Let’s start with a film from before this retro-futuristic wave, but which gave us culinary nostalgia served on a silver platter. Soylent Green, a film directed by Richard Fleischer in 1973, describes a world ravaged by pollution and global warming and dominated by the multinational Soylent which makes pink, blue or green crackers (the best), supposedly made with plankton to feed an overcrowded world. In this prophetic film – it takes place in 2022 (in just five years!) – Charlton Heston plays a New York policeman who discovers, during his latest investigation, that the raw material of these delicious crackers is none other than the flesh of people. who agreed to be euthanized in exchange for watching a spectacular 3D cutscene of what life on earth looked like before their blessed era.
Director Claude Zidi did not go so far in his 1976 comedy. In this film, Louis de Funès plays a food critic, Charles Duchemin, of the famous Guide Duchemin, who one day learns that Tricatel, French king of fast food , wants to rule the world… restaurants. In Zidi’s film, Tricatel represents the industrialist Jacques Borel, inventor of the French restaurant Wimpy and of the rest stop who was one of the apostles of the French junk food revolution of the 1970s. In the film L’Aile or the thigh, its factory, in which Duchemin and his son (played by Coluche) infiltrate, makes chicken in the form of toothpaste and wrapped in a papier-mâché skin, as well as salad with plastic pancakes. The denunciation ends there, but the fact that Tricatel intends to get rid of Duchemin and his son in one of the cans he makes leaves the viewer to speculate (especially after Soylent Green).
Fast forward ten years: In his 1985 cult classic Brazil, director Terry Gilliam gives us the first film to use a steampunk aesthetic, with a mix of sci-fi and strict Victorian-era social codes. In this totalitarian society, love is forbidden. The hero, an employee of the Ministry of Information, caught between his romantic dreams and the conflict with the bureaucratic machine, ends up rebelling against the powers that be and flees into a dreamlike universe. During one scene, while he is having lunch with his mother in a chic restaurant, we get a glimpse of the place of gastronomy in this universe which recalls 1984. The butler, French of course, asks the guests. choose a number then come back with dishes whose labels bear the name and photo of the corresponding recipe: ‘braised veal with wine sauce’, ‘duck with orange’, ‘shrimp with mayonnaise’. But the only thing on the plate is pale, gelatinous oatmeal, a cruel joke that no one seems wiser. They are no more aware than when a bomb explodes shakes the restaurant seconds later, leaving the survivors oblivious to the sudden appearance of a screen that comes between the dinner table and the crime scene. In this world of appearances, this is reality, whether it is food or politics.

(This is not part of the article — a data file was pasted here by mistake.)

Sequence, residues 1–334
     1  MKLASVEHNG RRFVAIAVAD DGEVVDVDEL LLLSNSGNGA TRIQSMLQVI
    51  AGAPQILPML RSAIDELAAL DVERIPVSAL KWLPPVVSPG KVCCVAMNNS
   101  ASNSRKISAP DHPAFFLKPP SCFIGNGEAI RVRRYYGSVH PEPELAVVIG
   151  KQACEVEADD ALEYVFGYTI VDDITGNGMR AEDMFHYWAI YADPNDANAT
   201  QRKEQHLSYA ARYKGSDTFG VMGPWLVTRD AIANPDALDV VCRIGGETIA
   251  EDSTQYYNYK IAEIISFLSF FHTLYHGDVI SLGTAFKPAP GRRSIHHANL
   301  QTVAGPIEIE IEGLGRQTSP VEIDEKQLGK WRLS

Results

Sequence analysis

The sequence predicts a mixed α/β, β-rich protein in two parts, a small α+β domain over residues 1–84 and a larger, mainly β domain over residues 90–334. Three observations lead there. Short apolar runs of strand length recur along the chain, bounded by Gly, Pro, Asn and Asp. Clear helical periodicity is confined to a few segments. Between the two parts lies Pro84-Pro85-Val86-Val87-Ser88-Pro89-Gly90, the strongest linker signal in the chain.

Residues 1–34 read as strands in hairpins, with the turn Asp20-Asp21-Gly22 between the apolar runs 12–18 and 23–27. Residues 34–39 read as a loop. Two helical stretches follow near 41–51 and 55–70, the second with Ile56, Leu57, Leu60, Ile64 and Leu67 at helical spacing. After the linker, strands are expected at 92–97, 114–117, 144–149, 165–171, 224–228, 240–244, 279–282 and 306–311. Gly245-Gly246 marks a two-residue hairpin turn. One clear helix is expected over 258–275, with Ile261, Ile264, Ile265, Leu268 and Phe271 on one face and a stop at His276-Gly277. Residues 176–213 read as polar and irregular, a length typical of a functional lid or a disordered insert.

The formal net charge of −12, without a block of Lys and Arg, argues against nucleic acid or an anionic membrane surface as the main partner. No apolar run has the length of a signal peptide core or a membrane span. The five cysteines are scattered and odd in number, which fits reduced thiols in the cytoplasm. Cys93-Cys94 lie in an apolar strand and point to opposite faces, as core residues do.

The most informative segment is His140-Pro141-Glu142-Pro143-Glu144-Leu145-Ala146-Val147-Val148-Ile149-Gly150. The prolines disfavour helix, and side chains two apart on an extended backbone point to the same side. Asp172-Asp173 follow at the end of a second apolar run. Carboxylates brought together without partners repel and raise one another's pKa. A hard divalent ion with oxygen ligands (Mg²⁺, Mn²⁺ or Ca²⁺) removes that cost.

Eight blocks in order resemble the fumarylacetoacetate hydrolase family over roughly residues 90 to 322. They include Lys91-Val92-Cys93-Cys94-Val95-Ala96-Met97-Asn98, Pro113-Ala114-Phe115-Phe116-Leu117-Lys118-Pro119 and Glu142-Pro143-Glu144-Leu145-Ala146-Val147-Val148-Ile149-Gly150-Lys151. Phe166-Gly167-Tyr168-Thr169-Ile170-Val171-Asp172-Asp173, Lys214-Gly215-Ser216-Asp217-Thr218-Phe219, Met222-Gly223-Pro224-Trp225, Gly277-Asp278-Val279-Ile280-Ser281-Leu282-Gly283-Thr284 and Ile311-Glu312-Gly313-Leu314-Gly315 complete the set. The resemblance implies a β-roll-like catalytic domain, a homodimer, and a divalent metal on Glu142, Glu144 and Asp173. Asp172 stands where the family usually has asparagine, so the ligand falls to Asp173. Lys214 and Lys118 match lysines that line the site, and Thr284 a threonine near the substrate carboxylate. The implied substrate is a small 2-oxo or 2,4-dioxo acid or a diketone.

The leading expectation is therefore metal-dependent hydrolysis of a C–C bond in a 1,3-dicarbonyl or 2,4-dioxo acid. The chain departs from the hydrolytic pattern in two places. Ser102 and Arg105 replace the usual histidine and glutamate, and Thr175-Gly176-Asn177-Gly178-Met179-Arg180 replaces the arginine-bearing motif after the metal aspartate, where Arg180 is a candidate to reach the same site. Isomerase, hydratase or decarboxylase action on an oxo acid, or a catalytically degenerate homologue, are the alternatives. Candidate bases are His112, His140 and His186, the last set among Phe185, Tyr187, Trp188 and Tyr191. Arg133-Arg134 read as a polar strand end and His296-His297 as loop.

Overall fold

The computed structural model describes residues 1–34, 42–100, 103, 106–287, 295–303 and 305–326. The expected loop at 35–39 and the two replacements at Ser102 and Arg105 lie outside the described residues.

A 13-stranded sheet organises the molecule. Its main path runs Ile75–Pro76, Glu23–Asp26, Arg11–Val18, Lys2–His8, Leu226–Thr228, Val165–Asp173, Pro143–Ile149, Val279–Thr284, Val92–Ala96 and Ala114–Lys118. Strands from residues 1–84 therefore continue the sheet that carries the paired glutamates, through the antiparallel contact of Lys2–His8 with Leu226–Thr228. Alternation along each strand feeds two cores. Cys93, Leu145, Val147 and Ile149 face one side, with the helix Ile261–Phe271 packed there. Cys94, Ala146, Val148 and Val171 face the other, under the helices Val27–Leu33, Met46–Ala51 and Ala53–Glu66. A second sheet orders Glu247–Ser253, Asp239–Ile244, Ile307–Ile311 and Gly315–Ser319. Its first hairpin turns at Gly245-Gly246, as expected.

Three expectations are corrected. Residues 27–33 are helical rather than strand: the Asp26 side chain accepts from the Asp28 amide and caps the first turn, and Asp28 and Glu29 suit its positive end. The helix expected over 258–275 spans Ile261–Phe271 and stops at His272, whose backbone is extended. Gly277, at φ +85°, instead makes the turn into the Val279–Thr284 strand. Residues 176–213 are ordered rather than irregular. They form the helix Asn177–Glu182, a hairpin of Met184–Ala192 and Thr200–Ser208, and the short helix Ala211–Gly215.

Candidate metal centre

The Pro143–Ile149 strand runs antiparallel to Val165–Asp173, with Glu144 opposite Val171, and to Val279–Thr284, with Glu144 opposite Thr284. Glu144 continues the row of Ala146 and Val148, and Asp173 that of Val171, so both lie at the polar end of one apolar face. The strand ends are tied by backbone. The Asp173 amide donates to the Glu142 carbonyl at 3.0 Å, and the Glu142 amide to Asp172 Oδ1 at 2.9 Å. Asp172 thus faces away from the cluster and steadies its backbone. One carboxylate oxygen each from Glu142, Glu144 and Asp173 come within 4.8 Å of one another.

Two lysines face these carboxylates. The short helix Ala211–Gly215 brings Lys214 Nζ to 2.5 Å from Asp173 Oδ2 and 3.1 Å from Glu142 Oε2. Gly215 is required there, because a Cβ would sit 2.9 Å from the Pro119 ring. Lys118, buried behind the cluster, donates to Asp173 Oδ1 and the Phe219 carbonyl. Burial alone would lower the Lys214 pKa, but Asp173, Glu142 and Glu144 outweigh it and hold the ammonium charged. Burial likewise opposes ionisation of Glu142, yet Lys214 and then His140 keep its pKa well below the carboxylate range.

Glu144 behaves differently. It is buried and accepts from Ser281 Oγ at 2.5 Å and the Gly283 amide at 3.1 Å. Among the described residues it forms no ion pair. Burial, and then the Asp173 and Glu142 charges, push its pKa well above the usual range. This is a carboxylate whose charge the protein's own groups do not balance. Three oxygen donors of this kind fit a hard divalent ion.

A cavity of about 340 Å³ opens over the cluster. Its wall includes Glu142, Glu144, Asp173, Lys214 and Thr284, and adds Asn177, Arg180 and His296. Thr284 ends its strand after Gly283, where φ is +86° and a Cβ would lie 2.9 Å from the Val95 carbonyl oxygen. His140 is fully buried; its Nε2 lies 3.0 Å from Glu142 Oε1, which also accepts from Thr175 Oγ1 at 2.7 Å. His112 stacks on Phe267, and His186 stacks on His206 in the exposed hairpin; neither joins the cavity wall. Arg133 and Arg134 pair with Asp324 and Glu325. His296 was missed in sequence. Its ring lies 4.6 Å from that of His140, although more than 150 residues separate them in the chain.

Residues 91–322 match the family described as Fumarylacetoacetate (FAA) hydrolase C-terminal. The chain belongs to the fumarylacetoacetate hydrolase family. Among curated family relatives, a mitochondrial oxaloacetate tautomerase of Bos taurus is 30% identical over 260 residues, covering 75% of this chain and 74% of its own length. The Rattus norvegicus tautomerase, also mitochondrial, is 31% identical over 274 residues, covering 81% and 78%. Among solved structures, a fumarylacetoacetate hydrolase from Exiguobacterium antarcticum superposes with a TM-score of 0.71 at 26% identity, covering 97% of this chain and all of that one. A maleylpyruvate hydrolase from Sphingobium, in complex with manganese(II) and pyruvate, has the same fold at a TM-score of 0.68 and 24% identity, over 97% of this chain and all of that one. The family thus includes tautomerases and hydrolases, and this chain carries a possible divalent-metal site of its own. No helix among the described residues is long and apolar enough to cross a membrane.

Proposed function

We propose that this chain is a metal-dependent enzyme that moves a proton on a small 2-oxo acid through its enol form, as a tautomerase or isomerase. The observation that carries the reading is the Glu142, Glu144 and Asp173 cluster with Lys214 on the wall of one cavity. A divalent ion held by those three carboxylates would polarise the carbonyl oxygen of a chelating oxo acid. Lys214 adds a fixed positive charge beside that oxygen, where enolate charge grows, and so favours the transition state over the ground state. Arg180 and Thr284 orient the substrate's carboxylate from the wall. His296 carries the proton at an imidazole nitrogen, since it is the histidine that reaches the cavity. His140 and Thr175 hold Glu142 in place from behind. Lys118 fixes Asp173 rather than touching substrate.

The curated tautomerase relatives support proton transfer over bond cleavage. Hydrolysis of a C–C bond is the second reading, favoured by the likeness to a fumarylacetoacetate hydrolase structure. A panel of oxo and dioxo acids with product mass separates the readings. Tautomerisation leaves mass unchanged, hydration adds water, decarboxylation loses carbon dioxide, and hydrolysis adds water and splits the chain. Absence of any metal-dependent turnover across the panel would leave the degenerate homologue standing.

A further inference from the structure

Wild steak tartare
Delicatessen, the opus by Marc Caro and Jean-Pierre Jeunet from 1991, plunges the viewer into an alternative universe, a French version of steam-punk where the German occupation period replaces the Victorian era as a cultural reference, with its market black and its fashion. stacked heels and purple hair worn with fascinators. The two directors enter even darker territory, by making Jean-Claude Dreyfus’ butchery a den of cannibal activity. Tenants who mysteriously disappear find themselves in the meat grinder, ensuring a constant and welcome supply of hash. Four years later, in City of lost children, Jeunet and Caro set the scene for a world now oscillating between the world of Dickens and that of Jules Verne (without forgetting the imprint of Jean-Paul Gaultier), where misery and brutality rule human relations. In this society where nobody respects anything at all, not even the dreams of children, gluttony is the only way to fulfillment. Witness, for example, a little boy who plunges an enormous dried sausage into a jar of jam and devours it with relish. Such bad taste is even worse than cannibalism, Duchemin the character of Louis de Funès would have said if he had witnessed this scene, but at least it is completely in accordance with the temporal lags at work in the landscape futuristic.